Plus, there’s no mechanism for independent, third-party testing of the cannabis products patients are receiving. This was a big oversight that has still not been remedied.

We want to see the Compassionate Use Program expanded and improved during the 2021 legislative session. Doctors should be the decision-makers when it comes to who they prescribe cannabis for and the cannabinoid dosing (including THC) that will best treat their patient’s needs. It’s also critical that we allow third-party testing for consumer protection.

To join our efforts, click here to sign up for email alerts and click here to send a quick email to your legislators in support of a more inclusive medical cannabis program!

You can support our efforts by making a contribution here.

Texas Legislative Committees Tasked with Monitoring Cannabis Programs

The Texas House and Senate Committees have received their interim charges, several of which relate to cannabis.

Between legislative sessions, leaders of the House (Speaker) and Senate (Lt. Gov.) task each committee with a set of “interim charges” relating to important matters of public policy. Committees will host hearings, solicit input, and gather information relating to each interim charge. Each committee will put together an interim report for the 87th Legislature, ensuring that members are well informed and can make effective policy changes during the 2021 session.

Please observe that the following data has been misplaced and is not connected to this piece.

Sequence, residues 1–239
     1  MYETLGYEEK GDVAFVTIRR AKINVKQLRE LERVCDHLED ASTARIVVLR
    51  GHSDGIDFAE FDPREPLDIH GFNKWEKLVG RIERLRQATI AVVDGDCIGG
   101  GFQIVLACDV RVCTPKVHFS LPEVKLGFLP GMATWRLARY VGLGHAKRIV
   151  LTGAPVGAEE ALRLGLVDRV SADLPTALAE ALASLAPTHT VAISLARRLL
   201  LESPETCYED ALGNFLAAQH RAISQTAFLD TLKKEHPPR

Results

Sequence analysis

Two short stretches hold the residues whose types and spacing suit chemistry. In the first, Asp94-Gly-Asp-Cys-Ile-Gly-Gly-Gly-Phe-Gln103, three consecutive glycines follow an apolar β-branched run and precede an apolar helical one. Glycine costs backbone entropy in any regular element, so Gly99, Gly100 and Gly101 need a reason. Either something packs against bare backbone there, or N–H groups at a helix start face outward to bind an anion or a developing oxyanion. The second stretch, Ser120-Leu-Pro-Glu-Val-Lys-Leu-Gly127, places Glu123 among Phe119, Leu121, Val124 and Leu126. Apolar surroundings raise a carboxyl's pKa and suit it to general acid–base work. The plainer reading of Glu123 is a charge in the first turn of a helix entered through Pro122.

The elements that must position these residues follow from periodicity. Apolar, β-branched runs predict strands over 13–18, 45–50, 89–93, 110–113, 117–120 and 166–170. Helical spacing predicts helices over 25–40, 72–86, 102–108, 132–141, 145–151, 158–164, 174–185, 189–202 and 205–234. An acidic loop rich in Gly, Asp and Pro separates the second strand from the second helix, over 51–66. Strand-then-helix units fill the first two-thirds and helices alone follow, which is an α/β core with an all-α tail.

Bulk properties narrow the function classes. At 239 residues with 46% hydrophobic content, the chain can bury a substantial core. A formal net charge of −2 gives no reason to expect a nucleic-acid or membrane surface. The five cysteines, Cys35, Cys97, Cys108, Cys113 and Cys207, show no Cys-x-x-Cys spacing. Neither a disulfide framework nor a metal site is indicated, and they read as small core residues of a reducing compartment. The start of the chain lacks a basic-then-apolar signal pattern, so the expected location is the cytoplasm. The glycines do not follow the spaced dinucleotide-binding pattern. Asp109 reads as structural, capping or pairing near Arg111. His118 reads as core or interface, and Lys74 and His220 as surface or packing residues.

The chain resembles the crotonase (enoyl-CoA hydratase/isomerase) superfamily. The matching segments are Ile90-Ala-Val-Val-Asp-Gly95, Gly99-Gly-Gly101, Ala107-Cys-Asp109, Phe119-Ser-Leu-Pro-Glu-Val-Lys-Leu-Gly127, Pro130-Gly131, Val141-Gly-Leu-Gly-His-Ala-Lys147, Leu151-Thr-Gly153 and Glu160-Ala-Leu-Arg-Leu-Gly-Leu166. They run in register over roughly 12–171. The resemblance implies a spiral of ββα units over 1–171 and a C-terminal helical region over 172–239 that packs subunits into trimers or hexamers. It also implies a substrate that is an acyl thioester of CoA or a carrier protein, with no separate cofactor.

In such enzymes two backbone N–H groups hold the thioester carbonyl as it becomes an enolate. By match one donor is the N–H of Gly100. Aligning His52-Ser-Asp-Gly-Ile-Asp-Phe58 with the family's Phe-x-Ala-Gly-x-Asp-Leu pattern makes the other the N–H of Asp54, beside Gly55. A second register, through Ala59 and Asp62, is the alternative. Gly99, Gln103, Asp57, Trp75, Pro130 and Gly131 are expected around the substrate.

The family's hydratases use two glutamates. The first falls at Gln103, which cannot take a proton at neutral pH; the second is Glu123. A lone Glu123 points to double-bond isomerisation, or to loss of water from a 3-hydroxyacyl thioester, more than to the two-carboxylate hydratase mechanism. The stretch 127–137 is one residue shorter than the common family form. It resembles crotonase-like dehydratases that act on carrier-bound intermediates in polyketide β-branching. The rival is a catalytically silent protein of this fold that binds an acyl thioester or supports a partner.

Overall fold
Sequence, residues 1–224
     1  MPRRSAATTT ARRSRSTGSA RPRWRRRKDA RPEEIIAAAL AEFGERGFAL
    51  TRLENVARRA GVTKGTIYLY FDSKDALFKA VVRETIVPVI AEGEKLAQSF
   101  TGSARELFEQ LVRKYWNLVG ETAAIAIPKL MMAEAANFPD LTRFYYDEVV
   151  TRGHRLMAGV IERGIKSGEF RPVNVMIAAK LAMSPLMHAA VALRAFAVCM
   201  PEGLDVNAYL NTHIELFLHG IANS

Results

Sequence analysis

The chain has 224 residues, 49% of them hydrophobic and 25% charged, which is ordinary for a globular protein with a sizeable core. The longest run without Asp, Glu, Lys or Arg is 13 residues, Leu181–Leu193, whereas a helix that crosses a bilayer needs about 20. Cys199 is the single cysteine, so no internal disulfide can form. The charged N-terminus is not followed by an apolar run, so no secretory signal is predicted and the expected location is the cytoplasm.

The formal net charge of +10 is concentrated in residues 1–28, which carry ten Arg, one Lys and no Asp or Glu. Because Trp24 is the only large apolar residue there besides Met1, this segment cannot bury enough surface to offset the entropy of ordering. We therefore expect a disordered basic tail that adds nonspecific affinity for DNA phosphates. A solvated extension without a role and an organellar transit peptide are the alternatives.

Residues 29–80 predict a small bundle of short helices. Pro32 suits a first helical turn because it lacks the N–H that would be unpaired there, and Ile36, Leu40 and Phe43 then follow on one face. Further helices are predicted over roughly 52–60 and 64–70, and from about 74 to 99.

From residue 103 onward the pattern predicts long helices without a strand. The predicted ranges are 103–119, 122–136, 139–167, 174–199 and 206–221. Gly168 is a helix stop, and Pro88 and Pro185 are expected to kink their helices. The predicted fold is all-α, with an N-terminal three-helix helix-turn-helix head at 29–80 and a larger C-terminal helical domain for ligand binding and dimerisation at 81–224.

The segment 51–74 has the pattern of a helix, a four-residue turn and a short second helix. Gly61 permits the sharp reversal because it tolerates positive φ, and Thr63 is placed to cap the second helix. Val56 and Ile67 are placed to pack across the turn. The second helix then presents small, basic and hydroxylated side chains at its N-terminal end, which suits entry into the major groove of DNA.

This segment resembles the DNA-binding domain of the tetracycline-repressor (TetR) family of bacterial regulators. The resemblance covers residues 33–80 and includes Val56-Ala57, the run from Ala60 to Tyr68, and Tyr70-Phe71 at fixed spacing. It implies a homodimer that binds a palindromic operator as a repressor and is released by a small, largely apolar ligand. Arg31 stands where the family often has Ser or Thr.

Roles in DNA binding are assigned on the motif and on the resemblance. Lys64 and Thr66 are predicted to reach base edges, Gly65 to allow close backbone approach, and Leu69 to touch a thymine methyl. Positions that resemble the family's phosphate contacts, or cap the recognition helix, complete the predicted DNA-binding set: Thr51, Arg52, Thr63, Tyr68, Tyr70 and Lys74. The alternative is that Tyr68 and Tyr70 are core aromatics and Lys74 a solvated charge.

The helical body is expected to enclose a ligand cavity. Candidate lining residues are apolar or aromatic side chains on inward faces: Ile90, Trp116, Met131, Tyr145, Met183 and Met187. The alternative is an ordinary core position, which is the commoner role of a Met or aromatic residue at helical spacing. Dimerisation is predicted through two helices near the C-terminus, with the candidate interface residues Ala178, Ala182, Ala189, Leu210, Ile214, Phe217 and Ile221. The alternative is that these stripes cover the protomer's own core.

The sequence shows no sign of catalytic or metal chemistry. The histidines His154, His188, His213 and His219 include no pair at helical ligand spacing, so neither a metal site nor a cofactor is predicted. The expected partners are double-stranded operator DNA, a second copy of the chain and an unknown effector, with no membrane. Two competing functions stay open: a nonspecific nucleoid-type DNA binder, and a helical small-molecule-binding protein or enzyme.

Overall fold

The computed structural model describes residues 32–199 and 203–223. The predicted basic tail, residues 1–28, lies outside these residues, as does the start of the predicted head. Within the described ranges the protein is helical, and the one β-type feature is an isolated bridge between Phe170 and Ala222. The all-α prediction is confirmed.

Texas House

Public Health Committee
Related to General Monitoring – HB 3703, which expands eligibility for low-THC cannabis prescriptions. Monitor HHSC’s rule-making process. 

Agriculture and Livestock Committee
Monitor the agencies and programs under the Committee’s jurisdiction and oversee the implementation of relevant legislation passed by the 86th Legislature. Conduct active oversight of all associated rule-making and other governmental actions taken to ensure intended legislative outcome of all legislation, including HB 1325, which relates to the production of hemp.